Low Risk Commodity Investing

Low Risk Commodity Investing

commodity investingConventional wisdom says, rightly so, that commodity investing is a risky pursuit. The capacity for a new investor to get badly burned is higher than in the stock market. Generally speaking, the commodity market is more volatile than stocks. Driven to a large extent by speculator demand, prices can rise and fall in the blink of an eye on news of natural disasters around the world, poor crop, great crops, or even for no particular reason that anyone can discern.

In short, danger, Will Robinson; very much danger!

So how can we at Young Wealth suggest a method of low risk commodity investing and still sleep at night with a clear conscience? The trick is to, “Unlearn what you have learned,” as Yoda would say, not that we suggest basing critical financial decisions on the unhinged ravings of a fictional Jedi Master. What we’re talking about is an approach sometimes called Packaged Commodity Investing, which is another word for real estate.

You might have never thought of it this way but basic commodities are the building blocks of the houses we live in: lumber, copper, steel, gold. The advantage to investing in commodities already pre-packaged into a structure is that you’ve taken an investment with no real useful value – are you ever going to actually take delivery of that pork belly contract – and transform them into a product (home) that everyone uses and demands. Humans need water, food, and shelter. By investing in real estate, then renting it out, you provide one of the most sought after commodities around – shelter.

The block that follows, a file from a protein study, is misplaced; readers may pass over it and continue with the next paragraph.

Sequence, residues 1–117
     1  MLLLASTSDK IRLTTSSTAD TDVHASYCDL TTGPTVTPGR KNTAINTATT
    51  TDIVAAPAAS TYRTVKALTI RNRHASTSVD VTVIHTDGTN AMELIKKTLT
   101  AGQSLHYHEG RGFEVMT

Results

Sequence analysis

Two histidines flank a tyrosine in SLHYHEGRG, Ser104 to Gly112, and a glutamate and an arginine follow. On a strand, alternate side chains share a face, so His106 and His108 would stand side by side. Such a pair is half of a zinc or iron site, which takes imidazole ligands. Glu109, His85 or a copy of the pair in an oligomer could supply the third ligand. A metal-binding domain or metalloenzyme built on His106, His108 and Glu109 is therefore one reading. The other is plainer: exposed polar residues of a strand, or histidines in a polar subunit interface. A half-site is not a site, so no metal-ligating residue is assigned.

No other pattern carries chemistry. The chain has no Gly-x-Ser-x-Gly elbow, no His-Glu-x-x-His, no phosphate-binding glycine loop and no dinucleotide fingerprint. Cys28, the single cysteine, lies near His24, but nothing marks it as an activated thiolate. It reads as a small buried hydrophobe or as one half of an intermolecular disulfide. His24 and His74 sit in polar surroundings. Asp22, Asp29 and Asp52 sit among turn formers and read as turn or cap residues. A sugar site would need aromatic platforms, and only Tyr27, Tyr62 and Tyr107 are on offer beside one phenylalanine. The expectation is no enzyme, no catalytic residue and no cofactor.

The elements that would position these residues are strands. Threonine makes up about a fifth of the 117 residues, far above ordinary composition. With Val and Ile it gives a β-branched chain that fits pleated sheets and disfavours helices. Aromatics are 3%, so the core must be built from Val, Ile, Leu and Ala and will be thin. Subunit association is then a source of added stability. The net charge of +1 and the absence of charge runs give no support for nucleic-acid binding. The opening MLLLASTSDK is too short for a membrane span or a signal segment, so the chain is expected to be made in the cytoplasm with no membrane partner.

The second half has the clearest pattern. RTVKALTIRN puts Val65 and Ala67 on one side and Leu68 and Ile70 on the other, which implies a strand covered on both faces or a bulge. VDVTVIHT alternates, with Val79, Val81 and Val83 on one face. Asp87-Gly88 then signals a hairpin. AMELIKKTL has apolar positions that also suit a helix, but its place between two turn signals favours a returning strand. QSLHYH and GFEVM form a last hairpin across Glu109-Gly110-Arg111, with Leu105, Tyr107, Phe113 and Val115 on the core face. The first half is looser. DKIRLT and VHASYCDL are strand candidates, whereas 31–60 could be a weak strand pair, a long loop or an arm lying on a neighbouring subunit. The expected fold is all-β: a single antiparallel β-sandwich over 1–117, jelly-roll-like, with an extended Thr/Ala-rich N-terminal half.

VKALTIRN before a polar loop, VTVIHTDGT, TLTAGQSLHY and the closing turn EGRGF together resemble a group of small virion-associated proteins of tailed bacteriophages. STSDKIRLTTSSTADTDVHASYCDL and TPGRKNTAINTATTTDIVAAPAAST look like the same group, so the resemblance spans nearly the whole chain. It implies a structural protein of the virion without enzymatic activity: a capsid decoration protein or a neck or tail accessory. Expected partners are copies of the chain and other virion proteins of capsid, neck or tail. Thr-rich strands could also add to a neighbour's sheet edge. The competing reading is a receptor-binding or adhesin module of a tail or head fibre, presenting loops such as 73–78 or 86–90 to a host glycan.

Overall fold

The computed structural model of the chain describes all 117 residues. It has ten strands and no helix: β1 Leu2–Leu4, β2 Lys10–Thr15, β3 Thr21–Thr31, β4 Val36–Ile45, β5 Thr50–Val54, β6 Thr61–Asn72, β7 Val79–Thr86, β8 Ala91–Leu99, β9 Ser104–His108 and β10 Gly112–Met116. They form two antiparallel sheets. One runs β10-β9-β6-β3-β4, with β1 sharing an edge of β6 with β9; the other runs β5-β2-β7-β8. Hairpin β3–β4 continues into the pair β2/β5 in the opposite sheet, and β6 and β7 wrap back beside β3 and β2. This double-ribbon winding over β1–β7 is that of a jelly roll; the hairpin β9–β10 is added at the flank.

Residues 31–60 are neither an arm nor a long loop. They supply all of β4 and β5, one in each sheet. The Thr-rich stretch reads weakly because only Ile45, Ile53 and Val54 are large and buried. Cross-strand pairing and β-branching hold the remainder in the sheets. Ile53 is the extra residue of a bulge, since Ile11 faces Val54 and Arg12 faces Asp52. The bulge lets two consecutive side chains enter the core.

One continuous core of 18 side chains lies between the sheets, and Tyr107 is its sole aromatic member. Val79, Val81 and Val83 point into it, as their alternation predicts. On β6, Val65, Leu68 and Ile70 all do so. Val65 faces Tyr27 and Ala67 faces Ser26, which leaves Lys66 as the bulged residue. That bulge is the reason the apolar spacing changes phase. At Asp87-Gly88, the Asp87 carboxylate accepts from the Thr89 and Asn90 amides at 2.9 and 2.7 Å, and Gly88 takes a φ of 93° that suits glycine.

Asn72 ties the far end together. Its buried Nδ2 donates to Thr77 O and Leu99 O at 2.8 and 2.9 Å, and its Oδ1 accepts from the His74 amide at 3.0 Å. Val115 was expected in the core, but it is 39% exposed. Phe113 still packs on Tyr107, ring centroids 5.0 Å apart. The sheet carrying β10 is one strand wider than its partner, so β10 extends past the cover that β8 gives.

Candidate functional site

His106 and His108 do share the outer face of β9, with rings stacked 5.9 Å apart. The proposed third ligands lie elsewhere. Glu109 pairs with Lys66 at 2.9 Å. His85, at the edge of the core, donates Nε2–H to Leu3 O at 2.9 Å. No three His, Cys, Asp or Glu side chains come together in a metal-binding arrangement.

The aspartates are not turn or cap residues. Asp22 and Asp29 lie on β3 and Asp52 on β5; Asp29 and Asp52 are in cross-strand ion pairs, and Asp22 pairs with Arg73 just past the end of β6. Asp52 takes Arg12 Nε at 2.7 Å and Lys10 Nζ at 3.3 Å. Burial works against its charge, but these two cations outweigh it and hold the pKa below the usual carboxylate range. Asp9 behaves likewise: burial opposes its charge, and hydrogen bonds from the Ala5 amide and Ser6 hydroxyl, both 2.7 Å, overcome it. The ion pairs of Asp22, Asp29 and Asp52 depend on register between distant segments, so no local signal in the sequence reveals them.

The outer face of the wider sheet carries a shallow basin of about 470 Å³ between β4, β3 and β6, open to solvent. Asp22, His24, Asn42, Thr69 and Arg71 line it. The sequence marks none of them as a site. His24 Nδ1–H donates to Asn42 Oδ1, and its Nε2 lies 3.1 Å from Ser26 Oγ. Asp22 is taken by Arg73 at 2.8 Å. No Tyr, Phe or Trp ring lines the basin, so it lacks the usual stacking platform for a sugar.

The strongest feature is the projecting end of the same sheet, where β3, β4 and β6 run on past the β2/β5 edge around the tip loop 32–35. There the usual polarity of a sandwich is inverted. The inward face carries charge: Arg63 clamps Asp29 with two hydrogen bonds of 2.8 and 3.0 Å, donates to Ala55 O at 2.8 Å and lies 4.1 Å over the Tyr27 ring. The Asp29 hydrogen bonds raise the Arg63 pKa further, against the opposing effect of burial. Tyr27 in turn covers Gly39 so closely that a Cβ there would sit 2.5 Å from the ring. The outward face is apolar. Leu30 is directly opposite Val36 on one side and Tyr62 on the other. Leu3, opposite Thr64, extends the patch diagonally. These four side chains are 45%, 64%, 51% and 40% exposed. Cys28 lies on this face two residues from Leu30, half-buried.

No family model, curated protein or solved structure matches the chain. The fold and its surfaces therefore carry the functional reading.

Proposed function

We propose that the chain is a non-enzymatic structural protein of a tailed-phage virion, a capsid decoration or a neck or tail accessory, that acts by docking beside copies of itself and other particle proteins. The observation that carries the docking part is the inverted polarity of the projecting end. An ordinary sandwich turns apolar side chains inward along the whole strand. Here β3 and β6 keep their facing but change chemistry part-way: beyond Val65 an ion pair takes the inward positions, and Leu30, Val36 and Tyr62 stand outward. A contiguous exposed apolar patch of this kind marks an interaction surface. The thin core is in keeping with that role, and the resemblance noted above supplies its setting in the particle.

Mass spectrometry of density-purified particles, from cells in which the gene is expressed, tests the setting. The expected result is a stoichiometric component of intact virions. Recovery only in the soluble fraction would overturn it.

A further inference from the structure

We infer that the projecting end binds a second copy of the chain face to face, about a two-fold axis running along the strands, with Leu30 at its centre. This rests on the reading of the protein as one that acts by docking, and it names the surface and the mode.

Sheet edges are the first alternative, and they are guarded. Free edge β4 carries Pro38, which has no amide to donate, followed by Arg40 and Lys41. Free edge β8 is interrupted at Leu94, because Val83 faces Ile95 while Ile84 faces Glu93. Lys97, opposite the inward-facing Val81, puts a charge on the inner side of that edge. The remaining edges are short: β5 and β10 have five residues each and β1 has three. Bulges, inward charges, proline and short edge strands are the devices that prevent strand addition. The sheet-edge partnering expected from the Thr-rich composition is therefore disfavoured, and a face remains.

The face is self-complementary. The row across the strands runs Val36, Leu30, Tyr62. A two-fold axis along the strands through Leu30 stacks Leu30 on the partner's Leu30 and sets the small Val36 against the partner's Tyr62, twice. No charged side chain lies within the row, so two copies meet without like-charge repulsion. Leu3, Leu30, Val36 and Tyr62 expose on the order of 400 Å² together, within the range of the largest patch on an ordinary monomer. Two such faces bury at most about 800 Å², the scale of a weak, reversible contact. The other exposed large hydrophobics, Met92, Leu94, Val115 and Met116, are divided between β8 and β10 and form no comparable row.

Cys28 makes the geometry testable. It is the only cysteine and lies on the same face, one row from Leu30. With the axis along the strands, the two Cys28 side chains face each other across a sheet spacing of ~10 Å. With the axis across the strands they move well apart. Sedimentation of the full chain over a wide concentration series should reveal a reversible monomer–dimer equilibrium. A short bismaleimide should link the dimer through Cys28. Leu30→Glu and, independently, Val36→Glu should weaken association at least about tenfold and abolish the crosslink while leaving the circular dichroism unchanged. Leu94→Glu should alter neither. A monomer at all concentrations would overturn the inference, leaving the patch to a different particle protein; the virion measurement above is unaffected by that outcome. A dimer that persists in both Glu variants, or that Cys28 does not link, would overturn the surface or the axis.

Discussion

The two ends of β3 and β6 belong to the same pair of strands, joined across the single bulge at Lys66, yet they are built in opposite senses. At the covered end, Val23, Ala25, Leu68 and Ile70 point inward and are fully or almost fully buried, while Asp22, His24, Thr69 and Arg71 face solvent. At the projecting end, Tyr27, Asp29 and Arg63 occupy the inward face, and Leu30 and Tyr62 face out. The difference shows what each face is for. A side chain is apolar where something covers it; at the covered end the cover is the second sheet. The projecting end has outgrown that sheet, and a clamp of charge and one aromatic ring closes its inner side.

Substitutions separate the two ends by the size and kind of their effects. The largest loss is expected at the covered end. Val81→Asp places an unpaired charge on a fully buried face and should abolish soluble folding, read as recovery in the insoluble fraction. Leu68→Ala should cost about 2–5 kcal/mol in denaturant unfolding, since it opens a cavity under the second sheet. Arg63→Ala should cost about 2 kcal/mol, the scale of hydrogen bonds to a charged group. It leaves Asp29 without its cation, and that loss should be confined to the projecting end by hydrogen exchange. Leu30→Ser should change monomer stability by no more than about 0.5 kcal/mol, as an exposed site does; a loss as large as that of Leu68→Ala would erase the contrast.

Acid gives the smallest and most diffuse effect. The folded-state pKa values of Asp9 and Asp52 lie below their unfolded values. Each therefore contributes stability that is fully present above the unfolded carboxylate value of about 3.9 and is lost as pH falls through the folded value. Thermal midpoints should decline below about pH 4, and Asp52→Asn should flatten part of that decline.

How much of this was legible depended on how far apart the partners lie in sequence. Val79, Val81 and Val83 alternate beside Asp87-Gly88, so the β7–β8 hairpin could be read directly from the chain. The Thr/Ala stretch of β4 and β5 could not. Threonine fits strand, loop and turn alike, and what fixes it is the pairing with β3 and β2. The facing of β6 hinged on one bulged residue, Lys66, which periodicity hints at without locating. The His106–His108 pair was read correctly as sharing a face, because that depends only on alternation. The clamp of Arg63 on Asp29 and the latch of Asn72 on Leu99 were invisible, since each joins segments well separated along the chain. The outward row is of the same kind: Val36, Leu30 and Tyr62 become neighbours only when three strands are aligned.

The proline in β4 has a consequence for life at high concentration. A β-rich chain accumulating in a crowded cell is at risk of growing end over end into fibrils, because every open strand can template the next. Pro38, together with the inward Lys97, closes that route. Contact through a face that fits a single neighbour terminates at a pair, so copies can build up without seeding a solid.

And think of this, at the time of purchase you have locked in the cost of the commodities that went into construction of your investment forever, or at least a good 50 years if the thing was built stoutly. So while your cost is fixed, a rising demand for commodities causes the value of your house to continuously increase while, at the same time, you create cash flow from the investment in the form of tenant rent.

A pork belly contract is made up of 40,000 lbs worth of 12-18 lb frozen pork bellies. If you can figure out a profitable way to rent those things out to create cash flow and still retain ownership, please let us know. All investment requires some risk, or it wouldn’t be investing, but a conservative approach to commodity investing in the form of real estate has the potential to return a heck of a lot of return for your dollar.

The Young Wealth Team


Flickr / FotoosVanRobin